I was misdiagnosed for about 7 years and told there was nothing wrong with me and needed to see a psychologist. I knew my own body and knew that something was wrong with me. I eventually got diagnosed with ankylosing spondylitis in 1980. By this time l was in excruciating pain and unable to move because of the unbearable pain.
After a lot of hydrotherapy, physiotherapy and medications l was starting to manage my ankylosing spondylitis
I was medically retired from local government in 1999 as unfit for work. Since then l have not improved, l have deteriorated. I live a life of pain and discomfort but struggle on the best l can. When you live with a chronic condition and constant pain you will find your own coping skills to manage the best you can. I will give you an example of my daily life living with ankylosing spondylitis.
Starting my day
I sit on the edge of my bed for about 5 to 10 minutes. The first thing I do is reach for my medications and water and take my medications (I always keep them in my bedside cabinet in case I cannot get up because of my pain and mobility).
When I first put any weight onto my feet the pain is unbearable but l know l have start to get mobile because this will also help with the stiffness that l am feeling. I always feel tired before my day starts because fatigue plays a huge part in ankylosing spondylitis along with me also having sleep apnoea.
l stand and do one of my stretches that l have been taught by a physiotherapist. l have now been up at least 30 minutes and am still struggling with my mobility because of pain, stiffness and discomfort, l also feel so tired because I have only managed about 4 hours sleep through the night.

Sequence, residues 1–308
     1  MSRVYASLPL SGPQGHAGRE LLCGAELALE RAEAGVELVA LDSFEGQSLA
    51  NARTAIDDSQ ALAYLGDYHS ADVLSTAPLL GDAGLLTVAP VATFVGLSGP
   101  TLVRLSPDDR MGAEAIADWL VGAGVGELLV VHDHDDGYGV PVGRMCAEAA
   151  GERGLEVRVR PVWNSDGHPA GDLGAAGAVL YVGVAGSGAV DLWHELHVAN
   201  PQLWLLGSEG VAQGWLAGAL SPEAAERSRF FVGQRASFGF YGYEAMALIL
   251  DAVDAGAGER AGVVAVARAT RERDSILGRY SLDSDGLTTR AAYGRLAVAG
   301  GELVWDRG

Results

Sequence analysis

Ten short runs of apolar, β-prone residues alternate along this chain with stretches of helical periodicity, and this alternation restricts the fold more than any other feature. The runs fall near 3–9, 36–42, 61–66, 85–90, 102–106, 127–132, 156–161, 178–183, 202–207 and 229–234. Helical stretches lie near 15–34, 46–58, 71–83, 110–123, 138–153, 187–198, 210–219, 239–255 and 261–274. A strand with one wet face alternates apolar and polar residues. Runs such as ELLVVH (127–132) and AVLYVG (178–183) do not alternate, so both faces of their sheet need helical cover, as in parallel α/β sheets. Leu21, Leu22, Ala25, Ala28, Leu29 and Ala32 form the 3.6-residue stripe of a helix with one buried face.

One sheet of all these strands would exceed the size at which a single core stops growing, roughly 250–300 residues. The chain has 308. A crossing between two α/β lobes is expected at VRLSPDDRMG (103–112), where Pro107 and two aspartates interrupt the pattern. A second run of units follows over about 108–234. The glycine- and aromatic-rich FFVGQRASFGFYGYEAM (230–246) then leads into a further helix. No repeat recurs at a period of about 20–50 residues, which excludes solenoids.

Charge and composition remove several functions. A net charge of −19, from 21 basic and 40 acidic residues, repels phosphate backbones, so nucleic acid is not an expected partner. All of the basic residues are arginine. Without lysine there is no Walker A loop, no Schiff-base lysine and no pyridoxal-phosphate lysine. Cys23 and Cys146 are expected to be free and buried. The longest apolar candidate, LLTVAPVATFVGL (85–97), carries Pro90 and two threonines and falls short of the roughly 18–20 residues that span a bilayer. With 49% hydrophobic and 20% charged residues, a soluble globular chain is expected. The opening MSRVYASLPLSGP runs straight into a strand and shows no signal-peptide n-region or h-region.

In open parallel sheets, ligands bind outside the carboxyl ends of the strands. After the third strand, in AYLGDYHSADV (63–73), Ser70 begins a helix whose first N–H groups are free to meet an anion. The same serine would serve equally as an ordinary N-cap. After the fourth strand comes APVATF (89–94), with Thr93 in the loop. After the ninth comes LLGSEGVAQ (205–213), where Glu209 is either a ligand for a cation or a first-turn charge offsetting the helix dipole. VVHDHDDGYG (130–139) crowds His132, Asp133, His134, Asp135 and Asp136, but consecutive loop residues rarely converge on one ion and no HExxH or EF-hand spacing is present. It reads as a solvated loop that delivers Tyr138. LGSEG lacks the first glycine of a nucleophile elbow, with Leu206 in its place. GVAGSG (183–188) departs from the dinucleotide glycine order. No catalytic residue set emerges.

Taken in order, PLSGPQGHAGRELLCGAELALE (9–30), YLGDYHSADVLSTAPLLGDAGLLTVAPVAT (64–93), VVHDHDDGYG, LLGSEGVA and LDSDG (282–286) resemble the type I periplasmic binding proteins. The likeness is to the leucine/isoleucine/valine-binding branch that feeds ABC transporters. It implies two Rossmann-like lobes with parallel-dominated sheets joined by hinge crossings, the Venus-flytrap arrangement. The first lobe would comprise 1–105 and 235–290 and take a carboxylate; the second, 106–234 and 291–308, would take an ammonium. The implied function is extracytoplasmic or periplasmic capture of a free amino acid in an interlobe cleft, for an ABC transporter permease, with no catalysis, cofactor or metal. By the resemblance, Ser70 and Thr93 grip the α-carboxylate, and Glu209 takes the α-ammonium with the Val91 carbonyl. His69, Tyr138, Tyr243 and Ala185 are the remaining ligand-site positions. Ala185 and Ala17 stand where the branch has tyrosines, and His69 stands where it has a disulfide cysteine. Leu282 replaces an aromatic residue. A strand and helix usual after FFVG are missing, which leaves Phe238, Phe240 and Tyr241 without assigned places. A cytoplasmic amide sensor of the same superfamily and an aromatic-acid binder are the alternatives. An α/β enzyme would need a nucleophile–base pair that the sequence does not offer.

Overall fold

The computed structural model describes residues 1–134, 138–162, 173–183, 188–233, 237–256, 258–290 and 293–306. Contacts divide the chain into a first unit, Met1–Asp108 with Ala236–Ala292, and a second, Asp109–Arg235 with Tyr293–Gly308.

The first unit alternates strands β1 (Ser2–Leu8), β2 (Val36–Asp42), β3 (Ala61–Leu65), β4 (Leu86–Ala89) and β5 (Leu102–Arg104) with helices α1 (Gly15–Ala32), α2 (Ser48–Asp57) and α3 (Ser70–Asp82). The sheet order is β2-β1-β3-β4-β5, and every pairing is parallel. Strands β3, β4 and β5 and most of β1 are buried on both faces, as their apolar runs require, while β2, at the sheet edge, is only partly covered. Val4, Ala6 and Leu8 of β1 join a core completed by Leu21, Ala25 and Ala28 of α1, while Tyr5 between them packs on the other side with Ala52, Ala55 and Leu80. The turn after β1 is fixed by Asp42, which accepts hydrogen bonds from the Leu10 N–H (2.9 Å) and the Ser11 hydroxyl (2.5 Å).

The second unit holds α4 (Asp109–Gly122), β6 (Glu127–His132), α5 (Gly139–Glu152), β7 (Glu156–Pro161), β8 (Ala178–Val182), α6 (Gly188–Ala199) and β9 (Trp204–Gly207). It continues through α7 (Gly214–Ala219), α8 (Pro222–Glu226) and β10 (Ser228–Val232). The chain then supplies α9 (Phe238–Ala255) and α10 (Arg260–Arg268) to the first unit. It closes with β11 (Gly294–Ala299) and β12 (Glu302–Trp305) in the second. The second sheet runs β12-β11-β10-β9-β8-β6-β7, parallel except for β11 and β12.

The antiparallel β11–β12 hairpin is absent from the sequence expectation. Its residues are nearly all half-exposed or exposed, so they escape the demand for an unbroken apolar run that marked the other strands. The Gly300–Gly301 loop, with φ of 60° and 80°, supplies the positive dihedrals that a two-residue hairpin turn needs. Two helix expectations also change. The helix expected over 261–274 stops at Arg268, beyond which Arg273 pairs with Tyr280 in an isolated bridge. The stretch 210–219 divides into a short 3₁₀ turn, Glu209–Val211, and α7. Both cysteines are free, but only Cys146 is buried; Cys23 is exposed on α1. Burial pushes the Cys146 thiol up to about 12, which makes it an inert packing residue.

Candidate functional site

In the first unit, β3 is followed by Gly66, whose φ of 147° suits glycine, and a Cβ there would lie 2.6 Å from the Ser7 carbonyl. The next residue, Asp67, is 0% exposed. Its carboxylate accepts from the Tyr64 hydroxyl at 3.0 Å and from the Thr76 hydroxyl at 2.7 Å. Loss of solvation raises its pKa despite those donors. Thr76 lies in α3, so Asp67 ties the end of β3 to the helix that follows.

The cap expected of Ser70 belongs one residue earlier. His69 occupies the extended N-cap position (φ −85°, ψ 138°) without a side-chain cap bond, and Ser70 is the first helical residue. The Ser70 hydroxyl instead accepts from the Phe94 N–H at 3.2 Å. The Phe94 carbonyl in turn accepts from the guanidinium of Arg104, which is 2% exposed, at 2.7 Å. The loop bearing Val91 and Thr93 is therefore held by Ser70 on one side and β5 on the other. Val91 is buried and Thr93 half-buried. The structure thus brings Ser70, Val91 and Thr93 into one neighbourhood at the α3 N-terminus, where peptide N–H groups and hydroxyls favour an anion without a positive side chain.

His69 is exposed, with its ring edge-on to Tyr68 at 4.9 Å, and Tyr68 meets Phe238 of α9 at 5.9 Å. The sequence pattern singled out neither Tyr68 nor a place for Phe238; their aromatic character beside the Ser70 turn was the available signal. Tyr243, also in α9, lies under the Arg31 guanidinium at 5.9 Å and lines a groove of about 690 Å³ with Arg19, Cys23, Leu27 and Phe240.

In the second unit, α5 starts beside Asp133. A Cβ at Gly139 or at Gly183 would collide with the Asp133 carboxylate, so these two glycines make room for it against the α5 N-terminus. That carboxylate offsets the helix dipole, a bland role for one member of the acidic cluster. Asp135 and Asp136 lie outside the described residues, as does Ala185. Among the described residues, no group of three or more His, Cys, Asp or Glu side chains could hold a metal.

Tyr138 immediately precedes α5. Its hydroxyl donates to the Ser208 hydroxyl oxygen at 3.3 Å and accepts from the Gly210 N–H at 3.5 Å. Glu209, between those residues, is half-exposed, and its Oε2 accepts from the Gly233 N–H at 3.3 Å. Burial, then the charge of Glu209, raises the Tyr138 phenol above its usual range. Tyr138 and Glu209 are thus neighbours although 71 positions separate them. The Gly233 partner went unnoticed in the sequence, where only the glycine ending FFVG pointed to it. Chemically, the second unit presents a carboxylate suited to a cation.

My son calls in on his way to work and has breakfast with me. He makes the breakfast while l am getting showered. He does this because l do not feel safe in the shower in the house alone.
By the time l have had my breakfast and got dressed l need to do some more stretching exercises to loosen my joints up. I then start to do the everyday things that we have to do running a home, make the bed or beds if my son has stayed because l was not having a good day the day before. I have to plan prepare and prioritise what l need to do day by day.
It is now lunch time and the unbearable pain is coming back so more medications are taken before I prepare my lunch. My fatigue is so great that the strength of the medication gives me no choice than to lay down for a short sleep. If I have had to go out I would be longing to get back as l am exhausted.
I have a stair lift indoors as l have already fallen down stairs resulting in my shoulder injury. After doing a few more chores around the house it is coming up to late afternoon and it's time to prepare my evening meal.
Along with pain and discomfort from my ankylosing spondylitis l have the pain from osteoarthritis which mainly affects my hands and left knee. My feet also cause me considerable pain. I also have to contend with pain and unpleasant symptoms of irritable bowel syndrome. I only hope l am not going to get another bout of iritis or plantar fasciitis.
My day is nearly coming to a end and l feel drained, tired, in pain and discomfort and stressed because l know l am not going to get a good night's sleep.
More about me
Yes, l am on anti TNF but l still live with pain everyday as there is no cure at present for ankylosing spondylitis.
I have also had spinal correction surgery (osteotomy) in 2009. This is also not a cure for ankylosing spondylitis but has helped me, along with the many medications I take and the daily exercise regime l do to live with the pain on a daily basis
I had an arthroscopy to my left knee 17 years ago and am considering having another one to delay having to have my left knee replaced.
I also have considerable pain and restricted movement to my left shoulder due to very bad injury from accident on stairs and have got to eventually have a shoulder replacement.
You may be asking yourself why do l not go ahead and have the knee replacement and shoulder replacement done sooner than later? My reasons are that l could end up with less movement in my left arm than l have now and my main reason is that to anaesthetise me comes with risks and complications because of my posture and obstruction to my airways.
It is, perhaps, not surprising that l have been treated for a mental breakdown and depression several times in the past living with my ankylosing spondylitis.